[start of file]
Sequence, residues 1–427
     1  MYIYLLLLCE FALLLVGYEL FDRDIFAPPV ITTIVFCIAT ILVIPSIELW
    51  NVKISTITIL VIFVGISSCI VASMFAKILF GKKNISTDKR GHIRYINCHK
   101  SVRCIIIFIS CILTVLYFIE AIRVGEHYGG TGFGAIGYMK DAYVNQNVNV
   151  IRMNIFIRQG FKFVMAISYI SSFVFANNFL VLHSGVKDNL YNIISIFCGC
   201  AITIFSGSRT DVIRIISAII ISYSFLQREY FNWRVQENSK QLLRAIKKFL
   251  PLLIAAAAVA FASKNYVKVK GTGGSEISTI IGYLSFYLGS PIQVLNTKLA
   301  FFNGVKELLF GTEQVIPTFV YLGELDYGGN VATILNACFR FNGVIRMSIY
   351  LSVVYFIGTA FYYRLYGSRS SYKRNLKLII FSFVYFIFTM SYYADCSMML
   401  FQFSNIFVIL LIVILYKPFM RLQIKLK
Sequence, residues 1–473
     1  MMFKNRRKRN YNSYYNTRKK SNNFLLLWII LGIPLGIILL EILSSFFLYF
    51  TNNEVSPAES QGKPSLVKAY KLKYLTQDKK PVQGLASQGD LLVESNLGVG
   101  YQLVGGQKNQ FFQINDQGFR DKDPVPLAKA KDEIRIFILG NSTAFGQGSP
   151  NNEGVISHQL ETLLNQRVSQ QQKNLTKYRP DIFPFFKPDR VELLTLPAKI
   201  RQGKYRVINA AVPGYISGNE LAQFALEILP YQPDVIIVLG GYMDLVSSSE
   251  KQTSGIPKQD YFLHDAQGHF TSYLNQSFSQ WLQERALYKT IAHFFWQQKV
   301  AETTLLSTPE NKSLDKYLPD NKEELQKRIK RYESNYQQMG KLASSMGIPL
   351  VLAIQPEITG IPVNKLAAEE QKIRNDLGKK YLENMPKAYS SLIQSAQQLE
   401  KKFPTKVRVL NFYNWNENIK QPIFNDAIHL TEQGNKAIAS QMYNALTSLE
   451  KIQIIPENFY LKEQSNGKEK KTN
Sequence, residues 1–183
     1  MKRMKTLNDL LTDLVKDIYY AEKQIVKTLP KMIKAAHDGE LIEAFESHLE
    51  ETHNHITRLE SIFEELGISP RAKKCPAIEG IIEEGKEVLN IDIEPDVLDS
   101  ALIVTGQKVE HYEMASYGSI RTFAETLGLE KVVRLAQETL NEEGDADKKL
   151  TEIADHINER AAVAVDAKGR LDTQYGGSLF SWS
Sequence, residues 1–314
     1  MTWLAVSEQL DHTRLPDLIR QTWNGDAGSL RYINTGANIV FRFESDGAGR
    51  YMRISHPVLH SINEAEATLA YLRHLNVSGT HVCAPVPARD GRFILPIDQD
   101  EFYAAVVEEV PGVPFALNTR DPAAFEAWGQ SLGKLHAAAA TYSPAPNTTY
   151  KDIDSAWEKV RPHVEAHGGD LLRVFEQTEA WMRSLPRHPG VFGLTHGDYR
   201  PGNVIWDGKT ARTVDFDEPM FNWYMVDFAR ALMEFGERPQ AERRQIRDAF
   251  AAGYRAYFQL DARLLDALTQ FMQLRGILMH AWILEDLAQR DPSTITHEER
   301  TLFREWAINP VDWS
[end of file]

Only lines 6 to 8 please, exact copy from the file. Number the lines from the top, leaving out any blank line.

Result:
   201  AITIFSGSRT DVIRIISAII ISYSFLQREY FNWRVQENSK QLLRAIKKFL
   251  PLLIAAAAVA FASKNYVKVK GTGGSEISTI IGYLSFYLGS PIQVLNTKLA
   301  FFNGVKELLF GTEQVIPTFV YLGELDYGGN VATILNACFR FNGVIRMSIY